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The Molecular Medicine Division consists of seven faculty members who share the common goal of using molecular approaches to the understanding of human disease. A major theme in the division is the use mouse models to investigate human diseases, ranging from atherosclerosis to emphysema. Although the division is research-oriented, individual faculty carry out clinical and teaching activities in Internal Medicine and in various subspecialties. The division serves as a magnet for research-oriented faculty and students in the M.D. Ph.D. program.

Alan Tall M.D. is the head of the division and is also the director of Columbia’s Specialized Center of Research in Atherosclerosis (SCOR in Atherosclerosis), an NIH funded program that involves other members of the Molecular Medicine Division as well as other Divisions and Departments. Dr. Tall is involved in studies of the mechanisms of atherogenesis, with emphasis on the use of transgenic mouse models and of human genetic deficiency states resulting in lipoprotein disorders. The major themes are plasma lipid transfer proteins, HDL receptors and use of mouse genomics to map new atherosclerosis susceptibility genes. Ira Tabas M.D., Ph.D. is active in the area of the cell biology of atherosclerosis and is examining the mechanisms of atheroma foam cell formation. He has discovered a novel sphingomyelinase activity in the arterial wall that promotes atheroma foam cell formation. Chris Schindler M.D., Ph.D. works on molecular mechanisms of cytokine signaling involving STAT transcription factors. Dr. Schindler was involved in the initial discovery of STAT transcription factors which mediate cytokine signaling to the nucleus. Alessandra Pernis M.D. works on signaling cascades involved in the regulation of the low affinity IgE receptor expressed on B cells and macrophages. These studies provide insight into the pathogenesis of asthma. Jeanine D’Armiento M.D., Ph.D. is studying the role of metalloproteases in human diseases, and has created transgenic mouse models of emphsyema, heart failure and arthritis; she is also investigating the role of metalloproteases in atherosclerotic plaque rupture. Dr. Gary Swergold is carrying out research on the role of repeated genetic elements in the human genome in human evolution, and the role of the elements in human disease.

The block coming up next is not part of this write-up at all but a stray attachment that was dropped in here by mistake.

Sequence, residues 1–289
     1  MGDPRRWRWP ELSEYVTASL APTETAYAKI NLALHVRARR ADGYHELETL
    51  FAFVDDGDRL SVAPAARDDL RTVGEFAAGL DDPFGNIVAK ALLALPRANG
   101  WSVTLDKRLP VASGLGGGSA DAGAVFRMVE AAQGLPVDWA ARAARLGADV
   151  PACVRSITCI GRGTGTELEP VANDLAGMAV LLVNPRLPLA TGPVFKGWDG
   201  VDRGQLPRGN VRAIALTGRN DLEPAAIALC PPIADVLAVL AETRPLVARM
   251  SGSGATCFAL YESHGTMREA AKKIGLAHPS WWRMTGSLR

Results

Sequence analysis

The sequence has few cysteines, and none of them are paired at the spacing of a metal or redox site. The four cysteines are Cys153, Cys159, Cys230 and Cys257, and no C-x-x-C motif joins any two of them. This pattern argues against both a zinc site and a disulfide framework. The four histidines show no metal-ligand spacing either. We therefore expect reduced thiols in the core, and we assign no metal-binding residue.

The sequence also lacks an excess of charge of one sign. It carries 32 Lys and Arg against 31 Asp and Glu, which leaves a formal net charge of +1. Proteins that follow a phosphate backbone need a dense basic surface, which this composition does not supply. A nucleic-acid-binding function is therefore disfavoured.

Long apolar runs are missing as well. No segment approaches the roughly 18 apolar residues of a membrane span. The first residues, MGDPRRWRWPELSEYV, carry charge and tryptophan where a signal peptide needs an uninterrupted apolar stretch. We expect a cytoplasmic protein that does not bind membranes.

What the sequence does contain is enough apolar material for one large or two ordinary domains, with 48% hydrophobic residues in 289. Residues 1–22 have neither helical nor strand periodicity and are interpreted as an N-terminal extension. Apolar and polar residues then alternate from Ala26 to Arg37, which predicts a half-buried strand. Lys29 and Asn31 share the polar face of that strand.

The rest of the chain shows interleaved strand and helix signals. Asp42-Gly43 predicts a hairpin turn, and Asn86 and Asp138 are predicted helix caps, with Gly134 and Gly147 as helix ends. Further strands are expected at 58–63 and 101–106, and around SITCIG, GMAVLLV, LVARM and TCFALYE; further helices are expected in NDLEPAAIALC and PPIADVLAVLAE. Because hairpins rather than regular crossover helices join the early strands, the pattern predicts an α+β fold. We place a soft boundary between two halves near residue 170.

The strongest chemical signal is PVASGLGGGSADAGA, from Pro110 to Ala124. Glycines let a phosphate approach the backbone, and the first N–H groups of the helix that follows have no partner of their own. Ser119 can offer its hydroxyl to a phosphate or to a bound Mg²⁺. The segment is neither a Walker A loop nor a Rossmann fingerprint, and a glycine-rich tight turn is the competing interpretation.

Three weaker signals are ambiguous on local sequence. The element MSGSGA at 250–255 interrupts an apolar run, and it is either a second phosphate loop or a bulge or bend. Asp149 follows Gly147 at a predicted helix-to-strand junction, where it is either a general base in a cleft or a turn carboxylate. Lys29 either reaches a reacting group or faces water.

Faculty Members

Alan R. Tall, M.D.
Professor of Medicine
Director - Molecular Medicine

Jeanine D'Armiento, M.D., Ph.D.
Assistant Professor of Medicine

Alessandra Pernis, M.D.
Assistant Professor of Medicine

Christian Schindler, M.D.
Professor of Medicine & Microbiology

David Silver, Ph.D.
Associate Research Scientist

Gary Swergold, M.D., Ph.D.
Assistant Professor of Medicine

Ira Tabas, M.D., Ph.D.
Professor of Medicine and Anatomy & Cell Biology

 

The contact person for the Division of Molecular Medicine may be reached via e-mail,
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Last Updated: January 2, 2002